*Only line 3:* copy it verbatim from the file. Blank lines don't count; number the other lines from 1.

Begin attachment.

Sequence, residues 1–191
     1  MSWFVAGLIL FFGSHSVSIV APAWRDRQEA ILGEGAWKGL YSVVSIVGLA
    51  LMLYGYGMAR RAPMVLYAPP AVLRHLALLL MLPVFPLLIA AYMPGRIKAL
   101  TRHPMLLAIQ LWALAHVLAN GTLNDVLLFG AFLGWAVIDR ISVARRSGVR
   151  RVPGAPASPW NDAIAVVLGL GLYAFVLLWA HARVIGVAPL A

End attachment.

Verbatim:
    51  LMLYGYGMAR RAPMVLYAPP AVLRHLALLL MLPVFPLLIA AYMPGRIKAL